Cost: Free

Reservation Required: No

Time: 15-30 minutes

Autumn in Parc de Bruxelles
Autumn in Parc de Bruxelles
Outside the palace
Outside the palace

Church and Square of Sablon

Our next stop was another park – the Square of Petit Sablon. This small garden is quite picturesque with trimmed hedges, a beautiful fountain, and large trees surrounded by historic buildings. There were quite a few people taking photos there.

Just by the park is the Notre-Dame des Victoires au Sablon. This is another beautiful Gothic church built in the 15th century. The details are beautiful, from the intricate carvings in the entry to the stained-glass windows inside.

Cost: Free for both the park and a walk through the church

Reservation Required: No

Time: 30-45 minutes for both

The pretty Square of Petit Sablon
The pretty Square of Petit Sablon
Notre-Dame des Victoires au Sablon
Notre-Dame des Victoires au Sablon

Mont des Artes

We then made our way over to Mont des Artes. This famous space is known for its pretty landscaping and architecture. Many people come here to take in the views over the gardens and surrounding city. It is a popular place near sunset and is also sometimes lit up with multicolored lights after dark.

Cost: Free

Reservation Required: No

Time: 15-30 minutes

Looking over Mont des Artes
Looking over Mont des Artes

Choco-Story Museum

After Mont des Artes, we walked further into the heart of Brussels to get to Choco-Story. Belgium is well known for its chocolate, and Choco-Story covers the history of the cocoa bean, from its use in Mayan and Aztec civilization to the growth in its popularity in Europe; the various uses of cocoa; and how chocolate is made. The displays were interactive and entertaining and the audio guide was informative.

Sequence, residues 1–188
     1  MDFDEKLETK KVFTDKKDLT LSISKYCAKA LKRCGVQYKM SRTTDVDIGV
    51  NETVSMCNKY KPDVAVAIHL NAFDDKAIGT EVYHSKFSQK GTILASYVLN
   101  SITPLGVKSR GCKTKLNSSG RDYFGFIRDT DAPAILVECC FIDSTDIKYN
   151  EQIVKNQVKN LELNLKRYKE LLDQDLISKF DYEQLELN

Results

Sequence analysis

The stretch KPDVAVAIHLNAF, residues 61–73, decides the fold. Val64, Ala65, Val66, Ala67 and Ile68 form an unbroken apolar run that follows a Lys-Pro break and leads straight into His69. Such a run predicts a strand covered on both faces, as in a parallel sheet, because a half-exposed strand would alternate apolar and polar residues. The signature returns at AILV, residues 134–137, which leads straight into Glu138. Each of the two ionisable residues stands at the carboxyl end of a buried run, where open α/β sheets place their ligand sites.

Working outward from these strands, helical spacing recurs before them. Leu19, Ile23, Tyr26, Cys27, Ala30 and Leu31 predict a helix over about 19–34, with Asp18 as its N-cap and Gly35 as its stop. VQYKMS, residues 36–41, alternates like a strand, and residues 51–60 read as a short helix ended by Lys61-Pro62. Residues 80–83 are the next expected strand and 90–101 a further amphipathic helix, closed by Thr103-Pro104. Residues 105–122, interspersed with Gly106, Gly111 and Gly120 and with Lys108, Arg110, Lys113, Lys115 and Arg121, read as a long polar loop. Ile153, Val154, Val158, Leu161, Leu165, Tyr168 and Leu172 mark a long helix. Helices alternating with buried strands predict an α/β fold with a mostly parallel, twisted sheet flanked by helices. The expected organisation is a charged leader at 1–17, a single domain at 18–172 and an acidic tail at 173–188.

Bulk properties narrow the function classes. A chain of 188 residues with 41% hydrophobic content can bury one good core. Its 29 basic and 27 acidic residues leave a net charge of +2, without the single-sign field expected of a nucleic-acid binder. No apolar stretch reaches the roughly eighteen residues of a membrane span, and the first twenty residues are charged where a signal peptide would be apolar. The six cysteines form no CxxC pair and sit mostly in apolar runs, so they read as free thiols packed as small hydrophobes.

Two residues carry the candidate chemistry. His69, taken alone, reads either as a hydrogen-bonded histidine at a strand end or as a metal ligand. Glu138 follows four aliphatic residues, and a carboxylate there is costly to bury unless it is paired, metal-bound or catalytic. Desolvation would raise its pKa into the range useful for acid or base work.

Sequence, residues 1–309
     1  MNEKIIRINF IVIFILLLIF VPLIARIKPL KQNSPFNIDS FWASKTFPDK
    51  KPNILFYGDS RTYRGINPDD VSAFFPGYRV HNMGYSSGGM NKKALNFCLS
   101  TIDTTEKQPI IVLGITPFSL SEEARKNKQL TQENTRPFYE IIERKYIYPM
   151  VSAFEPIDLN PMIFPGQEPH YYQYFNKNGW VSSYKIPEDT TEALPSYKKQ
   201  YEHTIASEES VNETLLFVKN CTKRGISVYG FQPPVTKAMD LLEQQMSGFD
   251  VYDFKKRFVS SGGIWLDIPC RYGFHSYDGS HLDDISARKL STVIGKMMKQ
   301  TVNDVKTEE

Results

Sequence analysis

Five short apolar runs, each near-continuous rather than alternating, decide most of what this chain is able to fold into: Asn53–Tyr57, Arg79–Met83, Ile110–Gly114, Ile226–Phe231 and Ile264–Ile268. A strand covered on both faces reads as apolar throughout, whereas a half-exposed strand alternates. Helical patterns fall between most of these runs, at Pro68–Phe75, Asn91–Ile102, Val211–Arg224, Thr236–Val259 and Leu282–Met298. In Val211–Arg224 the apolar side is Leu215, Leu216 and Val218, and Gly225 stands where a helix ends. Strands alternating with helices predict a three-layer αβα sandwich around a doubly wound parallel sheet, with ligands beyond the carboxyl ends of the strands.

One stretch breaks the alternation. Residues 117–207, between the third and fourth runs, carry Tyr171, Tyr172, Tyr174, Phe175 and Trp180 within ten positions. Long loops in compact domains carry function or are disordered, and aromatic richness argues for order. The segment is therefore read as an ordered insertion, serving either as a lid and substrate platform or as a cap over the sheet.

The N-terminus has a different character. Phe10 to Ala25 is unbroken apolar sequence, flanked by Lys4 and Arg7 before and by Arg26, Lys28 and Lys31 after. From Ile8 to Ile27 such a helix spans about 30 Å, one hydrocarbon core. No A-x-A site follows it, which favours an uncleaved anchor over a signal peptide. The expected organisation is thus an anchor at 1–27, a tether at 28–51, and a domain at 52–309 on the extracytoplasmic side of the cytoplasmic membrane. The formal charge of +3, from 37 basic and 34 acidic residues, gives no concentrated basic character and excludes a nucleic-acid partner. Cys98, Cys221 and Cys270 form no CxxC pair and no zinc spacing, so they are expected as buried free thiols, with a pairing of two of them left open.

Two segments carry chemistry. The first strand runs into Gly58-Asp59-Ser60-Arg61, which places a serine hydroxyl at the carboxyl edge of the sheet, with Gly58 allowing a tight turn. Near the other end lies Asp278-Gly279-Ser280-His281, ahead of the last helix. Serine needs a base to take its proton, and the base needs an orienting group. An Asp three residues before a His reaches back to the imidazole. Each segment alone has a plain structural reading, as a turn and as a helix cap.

After making our way through the exhibits, we were able to sample some chocolate and watch a demonstration by a chocolatier. There is also a shop here if you want to buy any chocolate products.

Cost: €14 per adult; also covered by the Brussels Card. There are options to partake in a chocolate workshop for an extra cost.

Reservation Required: No, but highly recommended. Book tickets here.

Time: 1.5-2 hours

Unique chocolate molds in Choco-Story
Unique chocolate molds in Choco-Story

Manneken Pis

The streets around Choco-Story are lined with souvenir and chocolate shops, restaurants, etc. So. We walked around here a bit before heading to the Manneken Pis.

The Manneken Pis is an icon of Brussels. The fountain of a little boy peeing has been around since the 15th century and he is often dressed in different costumes when there is a notable event. While this fountain may be simple and seem a little strange, we’d say it’s worth stopping by if you’re in the area to see this quirky piece of Brussels culture and history.

Cost: Free

Reservation Required: No

Time: 5-10 minutes

The renowned Manneken Pis
The renowned Manneken Pis

Brussels City Museum

The Brussels City Museum is a great spot to visit if you want a look into some of Brussels’ history. The museum covers various topics, including art, architecture, development of the Grand-Place, more about the Manneken Pis, etc. There are a variety of interesting artifacts in the displays and the audio guide provides a good amount of information. The museum is also housed inside one of the beautiful Gothic buildings lining the Grand-Place.

Cost: €10 per adult, which includes access to the GardeRobe MannekenPis; also covered by the Brussels Card

Reservation Required: No, but you can buy tickets online in advance if desired.

Time: 1.5-2 hours

Old architectural details on display in the museum
Old architectural details on display in the museum

Grand-Place & City Center

After our time in the Brussels City Museum, we headed back out into the Grand-Place to enjoy the square a little more. It was really quite a busy area and the square and architecture around it were beautiful!

We strolled down various streets surrounding the Grand-Place, popping into various chocolate shops, souvenir stores, De Biertempel, and more. We took our time to take in the area and enjoyed the bustling city scene.